The National Institutes of Health and Environmental Protection Agency have announced a collaboration to reduce the use of laboratory animals for testing the toxicity of compounds to humans.
An article in the Feb. 15 issue of the journal Science outlined plans to shift from primarily in vivo animal studies for toxicity assessments to in vitro assays, in vivo assays with lower organisms, and computational modeling.
The collaborative program results from an agreement among the National Toxicology Program at the National Institute of Environmental Health Sciences, Chemical Genomics Center under the National Human Genome Research Institute, and EPA National Center for Computational Toxicology.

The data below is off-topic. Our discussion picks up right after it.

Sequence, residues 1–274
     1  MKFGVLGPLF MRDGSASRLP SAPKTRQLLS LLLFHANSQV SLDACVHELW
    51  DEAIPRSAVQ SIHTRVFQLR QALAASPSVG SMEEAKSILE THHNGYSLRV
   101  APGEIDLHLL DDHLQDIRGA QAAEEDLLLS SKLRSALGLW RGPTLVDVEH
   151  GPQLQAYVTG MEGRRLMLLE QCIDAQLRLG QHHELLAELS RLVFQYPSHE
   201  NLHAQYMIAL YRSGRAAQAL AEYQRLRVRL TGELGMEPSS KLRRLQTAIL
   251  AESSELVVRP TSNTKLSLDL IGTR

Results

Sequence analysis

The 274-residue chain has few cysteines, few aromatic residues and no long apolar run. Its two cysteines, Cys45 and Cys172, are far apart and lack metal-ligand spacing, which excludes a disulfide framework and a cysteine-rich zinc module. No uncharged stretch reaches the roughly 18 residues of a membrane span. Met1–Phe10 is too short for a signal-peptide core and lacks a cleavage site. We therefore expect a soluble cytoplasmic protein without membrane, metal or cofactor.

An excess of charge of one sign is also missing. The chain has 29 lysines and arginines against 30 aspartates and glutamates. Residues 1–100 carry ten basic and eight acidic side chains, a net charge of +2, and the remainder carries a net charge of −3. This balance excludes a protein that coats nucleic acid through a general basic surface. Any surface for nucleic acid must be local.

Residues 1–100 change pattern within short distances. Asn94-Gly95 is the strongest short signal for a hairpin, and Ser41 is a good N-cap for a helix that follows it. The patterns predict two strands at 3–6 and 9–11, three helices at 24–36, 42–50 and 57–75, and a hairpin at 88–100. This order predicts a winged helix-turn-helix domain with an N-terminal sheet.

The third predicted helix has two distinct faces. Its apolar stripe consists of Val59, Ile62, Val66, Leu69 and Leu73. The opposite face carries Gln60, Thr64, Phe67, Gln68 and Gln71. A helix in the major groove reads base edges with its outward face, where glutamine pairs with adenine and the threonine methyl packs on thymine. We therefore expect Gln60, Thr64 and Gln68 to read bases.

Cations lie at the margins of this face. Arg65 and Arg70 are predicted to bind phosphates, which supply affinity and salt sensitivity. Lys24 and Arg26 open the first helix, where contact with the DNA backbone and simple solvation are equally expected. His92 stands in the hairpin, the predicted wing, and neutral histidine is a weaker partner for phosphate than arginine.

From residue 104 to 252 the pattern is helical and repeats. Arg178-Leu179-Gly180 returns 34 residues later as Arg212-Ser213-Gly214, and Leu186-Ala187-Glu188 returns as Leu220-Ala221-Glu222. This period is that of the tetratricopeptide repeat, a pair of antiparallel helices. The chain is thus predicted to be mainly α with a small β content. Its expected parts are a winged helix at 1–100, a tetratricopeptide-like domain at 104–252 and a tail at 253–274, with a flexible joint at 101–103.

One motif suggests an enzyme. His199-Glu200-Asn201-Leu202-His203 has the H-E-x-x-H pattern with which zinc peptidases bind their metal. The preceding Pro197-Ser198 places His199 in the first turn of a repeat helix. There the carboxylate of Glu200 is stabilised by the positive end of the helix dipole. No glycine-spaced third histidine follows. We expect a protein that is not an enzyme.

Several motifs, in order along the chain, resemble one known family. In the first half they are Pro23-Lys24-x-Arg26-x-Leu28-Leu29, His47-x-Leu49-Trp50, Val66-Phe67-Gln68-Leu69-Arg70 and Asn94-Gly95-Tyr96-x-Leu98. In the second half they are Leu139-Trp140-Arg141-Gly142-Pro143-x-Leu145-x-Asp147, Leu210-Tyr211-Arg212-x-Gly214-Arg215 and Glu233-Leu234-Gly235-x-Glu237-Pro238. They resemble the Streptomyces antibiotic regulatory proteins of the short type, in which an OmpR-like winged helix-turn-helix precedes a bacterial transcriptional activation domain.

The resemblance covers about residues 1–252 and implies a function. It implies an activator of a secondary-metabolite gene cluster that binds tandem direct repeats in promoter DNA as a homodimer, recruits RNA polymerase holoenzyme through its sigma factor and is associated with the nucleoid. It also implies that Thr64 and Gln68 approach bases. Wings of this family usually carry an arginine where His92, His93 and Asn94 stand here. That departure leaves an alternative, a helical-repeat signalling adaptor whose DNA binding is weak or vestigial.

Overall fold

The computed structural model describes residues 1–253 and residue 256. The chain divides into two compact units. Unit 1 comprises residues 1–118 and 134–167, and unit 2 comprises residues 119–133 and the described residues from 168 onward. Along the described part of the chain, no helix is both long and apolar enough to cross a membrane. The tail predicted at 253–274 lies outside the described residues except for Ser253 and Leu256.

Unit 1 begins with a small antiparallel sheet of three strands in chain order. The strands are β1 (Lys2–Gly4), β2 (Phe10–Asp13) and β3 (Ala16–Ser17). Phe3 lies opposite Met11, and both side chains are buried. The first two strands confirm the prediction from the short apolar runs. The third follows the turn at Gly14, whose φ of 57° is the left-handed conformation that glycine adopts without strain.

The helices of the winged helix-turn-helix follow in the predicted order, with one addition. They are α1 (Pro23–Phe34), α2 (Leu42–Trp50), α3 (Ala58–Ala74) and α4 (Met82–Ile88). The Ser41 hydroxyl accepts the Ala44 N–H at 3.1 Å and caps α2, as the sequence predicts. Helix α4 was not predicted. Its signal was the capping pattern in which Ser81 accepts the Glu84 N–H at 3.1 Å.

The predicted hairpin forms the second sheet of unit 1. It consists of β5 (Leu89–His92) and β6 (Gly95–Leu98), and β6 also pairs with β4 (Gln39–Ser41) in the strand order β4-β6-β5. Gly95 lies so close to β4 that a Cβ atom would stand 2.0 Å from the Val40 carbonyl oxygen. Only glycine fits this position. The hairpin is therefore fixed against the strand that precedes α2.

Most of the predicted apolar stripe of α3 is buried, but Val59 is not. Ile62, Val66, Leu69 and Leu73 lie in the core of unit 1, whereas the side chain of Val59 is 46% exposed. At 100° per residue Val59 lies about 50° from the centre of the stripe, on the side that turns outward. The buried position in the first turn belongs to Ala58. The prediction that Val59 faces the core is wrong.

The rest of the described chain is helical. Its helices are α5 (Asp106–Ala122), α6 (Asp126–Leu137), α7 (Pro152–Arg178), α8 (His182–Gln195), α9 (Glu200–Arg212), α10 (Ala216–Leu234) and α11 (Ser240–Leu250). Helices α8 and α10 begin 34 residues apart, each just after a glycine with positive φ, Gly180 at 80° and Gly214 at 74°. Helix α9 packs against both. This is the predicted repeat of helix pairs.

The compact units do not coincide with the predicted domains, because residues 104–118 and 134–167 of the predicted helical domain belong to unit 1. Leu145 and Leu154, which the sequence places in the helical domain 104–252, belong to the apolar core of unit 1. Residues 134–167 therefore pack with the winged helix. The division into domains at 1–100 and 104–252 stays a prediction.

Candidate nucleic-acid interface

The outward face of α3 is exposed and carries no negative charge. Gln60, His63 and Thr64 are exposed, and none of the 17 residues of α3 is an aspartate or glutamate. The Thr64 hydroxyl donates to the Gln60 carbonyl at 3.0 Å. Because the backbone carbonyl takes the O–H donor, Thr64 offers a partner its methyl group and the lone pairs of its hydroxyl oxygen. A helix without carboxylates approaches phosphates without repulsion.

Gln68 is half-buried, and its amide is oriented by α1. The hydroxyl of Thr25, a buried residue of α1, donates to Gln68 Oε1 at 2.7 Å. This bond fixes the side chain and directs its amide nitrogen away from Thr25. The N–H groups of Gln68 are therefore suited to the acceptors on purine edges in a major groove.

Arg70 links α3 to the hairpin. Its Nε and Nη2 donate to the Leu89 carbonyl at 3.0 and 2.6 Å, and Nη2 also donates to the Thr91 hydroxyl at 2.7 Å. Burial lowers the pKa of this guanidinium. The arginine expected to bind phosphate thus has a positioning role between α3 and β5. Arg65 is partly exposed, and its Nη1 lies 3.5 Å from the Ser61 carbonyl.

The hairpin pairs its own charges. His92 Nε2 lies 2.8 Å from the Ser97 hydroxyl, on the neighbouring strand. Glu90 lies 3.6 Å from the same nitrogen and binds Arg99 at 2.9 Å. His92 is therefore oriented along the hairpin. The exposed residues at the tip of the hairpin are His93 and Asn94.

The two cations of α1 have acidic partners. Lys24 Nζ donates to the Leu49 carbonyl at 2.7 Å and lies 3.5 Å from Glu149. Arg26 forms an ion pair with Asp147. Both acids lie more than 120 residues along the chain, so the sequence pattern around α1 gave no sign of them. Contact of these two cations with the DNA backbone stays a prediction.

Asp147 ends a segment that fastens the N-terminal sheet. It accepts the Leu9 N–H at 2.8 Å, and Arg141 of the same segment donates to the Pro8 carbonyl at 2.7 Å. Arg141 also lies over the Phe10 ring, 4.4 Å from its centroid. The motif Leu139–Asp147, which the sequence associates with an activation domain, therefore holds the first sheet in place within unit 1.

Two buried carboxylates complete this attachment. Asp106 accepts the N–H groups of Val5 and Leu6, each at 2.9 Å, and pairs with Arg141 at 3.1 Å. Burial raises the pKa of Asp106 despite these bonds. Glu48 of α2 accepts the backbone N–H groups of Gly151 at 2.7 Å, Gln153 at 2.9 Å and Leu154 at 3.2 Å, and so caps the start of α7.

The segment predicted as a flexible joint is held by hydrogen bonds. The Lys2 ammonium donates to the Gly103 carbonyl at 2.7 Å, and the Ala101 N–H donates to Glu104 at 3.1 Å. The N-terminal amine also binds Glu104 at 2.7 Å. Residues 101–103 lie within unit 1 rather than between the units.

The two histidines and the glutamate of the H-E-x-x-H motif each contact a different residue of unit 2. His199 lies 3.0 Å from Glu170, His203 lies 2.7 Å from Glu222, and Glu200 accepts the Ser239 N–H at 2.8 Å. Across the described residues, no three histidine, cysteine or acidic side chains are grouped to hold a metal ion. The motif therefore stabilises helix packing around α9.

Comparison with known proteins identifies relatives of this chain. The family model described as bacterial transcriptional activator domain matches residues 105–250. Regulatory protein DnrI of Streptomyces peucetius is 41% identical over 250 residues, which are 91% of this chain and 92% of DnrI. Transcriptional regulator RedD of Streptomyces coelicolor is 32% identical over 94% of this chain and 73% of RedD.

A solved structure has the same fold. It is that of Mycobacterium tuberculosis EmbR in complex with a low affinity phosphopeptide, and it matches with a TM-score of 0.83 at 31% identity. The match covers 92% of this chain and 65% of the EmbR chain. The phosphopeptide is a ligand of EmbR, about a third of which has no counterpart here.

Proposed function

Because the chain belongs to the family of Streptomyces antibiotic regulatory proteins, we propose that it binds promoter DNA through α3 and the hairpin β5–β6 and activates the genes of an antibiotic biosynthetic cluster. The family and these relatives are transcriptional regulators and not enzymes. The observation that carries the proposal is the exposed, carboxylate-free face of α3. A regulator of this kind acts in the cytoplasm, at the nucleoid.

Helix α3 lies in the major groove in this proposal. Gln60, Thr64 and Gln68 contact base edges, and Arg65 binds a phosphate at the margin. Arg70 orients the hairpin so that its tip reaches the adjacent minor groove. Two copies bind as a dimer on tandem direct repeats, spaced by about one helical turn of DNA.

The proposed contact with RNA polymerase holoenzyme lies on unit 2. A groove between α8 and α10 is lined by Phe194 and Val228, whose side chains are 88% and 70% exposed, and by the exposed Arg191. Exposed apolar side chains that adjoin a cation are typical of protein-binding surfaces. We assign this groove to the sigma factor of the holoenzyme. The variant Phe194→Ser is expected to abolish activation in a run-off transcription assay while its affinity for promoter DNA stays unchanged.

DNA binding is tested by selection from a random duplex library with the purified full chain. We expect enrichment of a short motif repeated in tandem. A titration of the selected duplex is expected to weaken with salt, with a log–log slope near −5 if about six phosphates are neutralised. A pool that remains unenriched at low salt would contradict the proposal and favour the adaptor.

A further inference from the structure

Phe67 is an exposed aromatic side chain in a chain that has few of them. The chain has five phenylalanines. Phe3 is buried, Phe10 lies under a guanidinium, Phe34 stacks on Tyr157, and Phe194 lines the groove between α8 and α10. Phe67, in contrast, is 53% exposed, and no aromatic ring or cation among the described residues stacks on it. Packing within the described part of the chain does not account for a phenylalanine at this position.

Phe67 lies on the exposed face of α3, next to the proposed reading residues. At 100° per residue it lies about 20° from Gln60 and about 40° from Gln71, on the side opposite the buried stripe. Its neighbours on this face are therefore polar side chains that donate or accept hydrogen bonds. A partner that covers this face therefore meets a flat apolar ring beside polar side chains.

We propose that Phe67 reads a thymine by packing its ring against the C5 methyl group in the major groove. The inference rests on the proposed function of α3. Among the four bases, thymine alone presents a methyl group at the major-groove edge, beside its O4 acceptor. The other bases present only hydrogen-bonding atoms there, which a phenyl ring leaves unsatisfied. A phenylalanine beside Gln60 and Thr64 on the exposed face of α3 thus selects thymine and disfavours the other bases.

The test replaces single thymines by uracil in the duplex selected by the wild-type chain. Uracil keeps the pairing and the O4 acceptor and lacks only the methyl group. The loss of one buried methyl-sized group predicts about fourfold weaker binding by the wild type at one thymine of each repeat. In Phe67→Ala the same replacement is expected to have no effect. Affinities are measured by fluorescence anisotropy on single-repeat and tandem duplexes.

The five-year agreement and the plans in the Science article provide a framework to implement the long-range recommendations of a 2007 report from the National Research Council, "Toxicity Testing in the 21st Century: A Vision and a Strategy," which called for a collaborative effort across the toxicology community to rely less on animal studies and more on in vitro tests using human cells. The report also calls for improvements in dose-response research to help predict toxicity at exposures that humans may encounter.